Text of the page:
Haran

HARAN (hā'răn, Heb. hārān, mountaineer)

The youngest brother of Abram, and father of Lot, Abram’s nephew. He died in Ur before his father Terah took his family from that city (Gen.11.27-Gen.11.28).A son of Caleb by his concubine Ephah. This Haran had a son named Gazez (1Chr.2.46).A Gershonite Levite who lived in the time of David. He was the son of Shimei (1Chr.23.9).


HARAN, CHARRAN (hā'răn, chă'răn, Heb. hārān, Gr. charran). A city located in northern Mesopotamia, on the Balikh River, a branch of the Euphrates, to which Abram’s father Terah emigrated with his family (Gen.11.31). After his father’s death, Abram left this city to go into the land of Canaan (Gen.12.4). His brother Nahor remained there. Abraham later sent his servant there to find a wife for his son Isaac among his relatives (Gen.24.4). Afterward Jacob, at the request of his father Isaac, came to this same area in search of a wife (Gen.29.4-Gen.29.5). In the time of Hezekiah, Rabshakeh, an officer of Sennacherib, when delivering a propaganda lecture to the people of Jerusalem, mentioned that Haran and other cities in the same area had been conquered by Assyria (2Kgs.19.12; Isa.37.12). Ezekiel mentions this city as one of those that carried on trade with Tyre (Ezek.27.23).

Haran is often referred to in Assyrian and Babylonian records under the form of harranu, Anglicized as Harran. The term means “road,” probably because this city was located at the intersection of the north-south trade route from Damascus and the east-west route between Carchemish and Nineveh. A center of worship of the moon-god Sin was established there in very early times. The city and temple were destroyed in the wars of the Assyrian kings. After the fall of Nineveh in 612 b.c., some Assyrian refugees fled to Haran and held out there until 610. Nabonidus, the king of Babylon, who delighted in restoring old temples, rebuilt the city and temple and reinstated the worship of the moon-god there about seventy-five years later. This city is mentioned in Mari documents in the form of Nakhur, probably from Nahor, Abram’s brother. The Romans knew it as Carrhae, famous as the place where the Parthians defeated Crassus in 53 b.c. It is still in existence as Harran, near the original site in southern Turkey. The present-day Muslims who live in the area have many traditions concerning Abraham.——CEH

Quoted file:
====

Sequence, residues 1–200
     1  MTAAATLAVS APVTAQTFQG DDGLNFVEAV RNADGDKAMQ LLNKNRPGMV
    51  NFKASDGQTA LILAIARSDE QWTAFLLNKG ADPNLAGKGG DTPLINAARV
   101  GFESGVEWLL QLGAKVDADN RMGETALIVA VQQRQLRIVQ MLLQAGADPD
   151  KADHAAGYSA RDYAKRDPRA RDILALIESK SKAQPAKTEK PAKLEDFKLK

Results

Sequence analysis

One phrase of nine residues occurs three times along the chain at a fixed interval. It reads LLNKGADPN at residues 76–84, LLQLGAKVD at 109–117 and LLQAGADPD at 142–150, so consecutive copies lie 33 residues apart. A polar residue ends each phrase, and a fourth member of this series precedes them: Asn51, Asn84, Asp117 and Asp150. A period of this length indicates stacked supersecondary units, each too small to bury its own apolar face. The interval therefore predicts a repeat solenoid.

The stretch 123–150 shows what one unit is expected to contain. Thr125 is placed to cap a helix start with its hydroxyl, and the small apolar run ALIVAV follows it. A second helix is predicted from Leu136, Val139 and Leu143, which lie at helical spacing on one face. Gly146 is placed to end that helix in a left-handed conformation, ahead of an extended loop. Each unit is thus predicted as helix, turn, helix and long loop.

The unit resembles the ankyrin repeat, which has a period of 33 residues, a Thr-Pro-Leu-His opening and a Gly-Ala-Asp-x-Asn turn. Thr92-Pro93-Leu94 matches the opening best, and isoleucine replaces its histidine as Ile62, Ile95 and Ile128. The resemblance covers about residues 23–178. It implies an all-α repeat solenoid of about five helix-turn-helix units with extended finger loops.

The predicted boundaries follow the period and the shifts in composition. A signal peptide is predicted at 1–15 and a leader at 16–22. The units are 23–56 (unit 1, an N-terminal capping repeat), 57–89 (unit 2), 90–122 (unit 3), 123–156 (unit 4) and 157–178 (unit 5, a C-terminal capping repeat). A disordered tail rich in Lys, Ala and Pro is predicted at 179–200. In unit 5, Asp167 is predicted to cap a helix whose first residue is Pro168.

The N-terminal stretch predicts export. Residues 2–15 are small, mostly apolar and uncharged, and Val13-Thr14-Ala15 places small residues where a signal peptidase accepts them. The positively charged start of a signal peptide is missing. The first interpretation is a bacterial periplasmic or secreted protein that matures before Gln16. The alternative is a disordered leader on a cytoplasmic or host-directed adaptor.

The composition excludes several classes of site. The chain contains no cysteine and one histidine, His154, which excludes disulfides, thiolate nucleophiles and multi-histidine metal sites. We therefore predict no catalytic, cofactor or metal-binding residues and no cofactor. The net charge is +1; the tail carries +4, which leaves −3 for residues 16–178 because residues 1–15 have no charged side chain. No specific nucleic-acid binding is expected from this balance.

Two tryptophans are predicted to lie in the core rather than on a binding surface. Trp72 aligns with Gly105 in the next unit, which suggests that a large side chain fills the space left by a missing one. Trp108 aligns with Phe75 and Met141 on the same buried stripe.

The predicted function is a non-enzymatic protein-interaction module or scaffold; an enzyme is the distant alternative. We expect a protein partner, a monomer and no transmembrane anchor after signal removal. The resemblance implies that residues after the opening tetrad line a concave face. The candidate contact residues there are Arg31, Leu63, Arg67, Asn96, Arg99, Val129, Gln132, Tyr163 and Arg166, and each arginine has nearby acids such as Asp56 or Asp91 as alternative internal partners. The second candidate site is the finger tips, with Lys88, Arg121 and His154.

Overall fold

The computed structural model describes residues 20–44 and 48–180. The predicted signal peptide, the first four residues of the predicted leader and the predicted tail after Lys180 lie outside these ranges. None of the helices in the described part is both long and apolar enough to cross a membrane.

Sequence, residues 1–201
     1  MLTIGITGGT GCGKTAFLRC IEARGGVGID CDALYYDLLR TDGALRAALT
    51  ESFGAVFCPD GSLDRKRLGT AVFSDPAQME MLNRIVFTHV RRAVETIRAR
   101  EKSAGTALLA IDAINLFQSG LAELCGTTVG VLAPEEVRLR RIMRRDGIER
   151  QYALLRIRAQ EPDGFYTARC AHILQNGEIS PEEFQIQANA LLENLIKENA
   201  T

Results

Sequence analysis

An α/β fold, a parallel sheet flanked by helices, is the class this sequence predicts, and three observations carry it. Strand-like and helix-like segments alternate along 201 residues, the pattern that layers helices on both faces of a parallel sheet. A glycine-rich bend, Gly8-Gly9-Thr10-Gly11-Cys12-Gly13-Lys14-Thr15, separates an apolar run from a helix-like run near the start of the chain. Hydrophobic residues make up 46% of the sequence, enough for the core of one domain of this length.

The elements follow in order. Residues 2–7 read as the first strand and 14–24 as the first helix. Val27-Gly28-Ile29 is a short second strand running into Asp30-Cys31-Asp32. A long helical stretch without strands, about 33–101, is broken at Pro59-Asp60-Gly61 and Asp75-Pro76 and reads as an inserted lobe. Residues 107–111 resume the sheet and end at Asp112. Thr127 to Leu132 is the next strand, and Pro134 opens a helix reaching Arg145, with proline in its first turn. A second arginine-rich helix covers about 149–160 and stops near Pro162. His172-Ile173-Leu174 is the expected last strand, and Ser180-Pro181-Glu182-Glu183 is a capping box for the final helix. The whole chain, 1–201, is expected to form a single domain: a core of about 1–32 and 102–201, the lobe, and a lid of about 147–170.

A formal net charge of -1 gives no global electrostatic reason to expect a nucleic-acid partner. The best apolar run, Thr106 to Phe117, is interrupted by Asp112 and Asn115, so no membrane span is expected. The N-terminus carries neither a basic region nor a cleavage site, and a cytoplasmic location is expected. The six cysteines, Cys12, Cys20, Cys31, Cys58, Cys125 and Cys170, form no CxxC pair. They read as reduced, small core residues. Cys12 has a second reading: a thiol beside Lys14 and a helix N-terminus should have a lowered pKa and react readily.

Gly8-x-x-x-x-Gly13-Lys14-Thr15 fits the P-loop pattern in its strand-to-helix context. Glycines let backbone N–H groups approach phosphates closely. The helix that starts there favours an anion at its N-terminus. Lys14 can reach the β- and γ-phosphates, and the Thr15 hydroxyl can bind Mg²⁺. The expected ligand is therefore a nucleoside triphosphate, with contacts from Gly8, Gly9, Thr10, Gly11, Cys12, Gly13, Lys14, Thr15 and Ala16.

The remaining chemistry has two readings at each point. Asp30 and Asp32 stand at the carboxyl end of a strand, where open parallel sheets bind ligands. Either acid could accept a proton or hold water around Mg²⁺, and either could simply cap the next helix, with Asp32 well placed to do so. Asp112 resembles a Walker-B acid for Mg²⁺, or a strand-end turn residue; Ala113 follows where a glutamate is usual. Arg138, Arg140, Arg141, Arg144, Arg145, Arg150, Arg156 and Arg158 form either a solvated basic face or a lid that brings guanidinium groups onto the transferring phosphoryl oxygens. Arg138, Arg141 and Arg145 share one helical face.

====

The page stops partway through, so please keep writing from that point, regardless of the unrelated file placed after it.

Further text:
HARAN hâr’ ən (חָרָ֖ן). 1. Son of Terah; brother of Abraham and Nahor; father of Lot and two daughters, Milcah and Iscah (Gen 11:27, 29).

2. A Judahite; son of Caleb and his concubine Ephah (1 Chron 2:46).

3. A Levite; son of the Gershonite Shimei (1 Chron 23:9).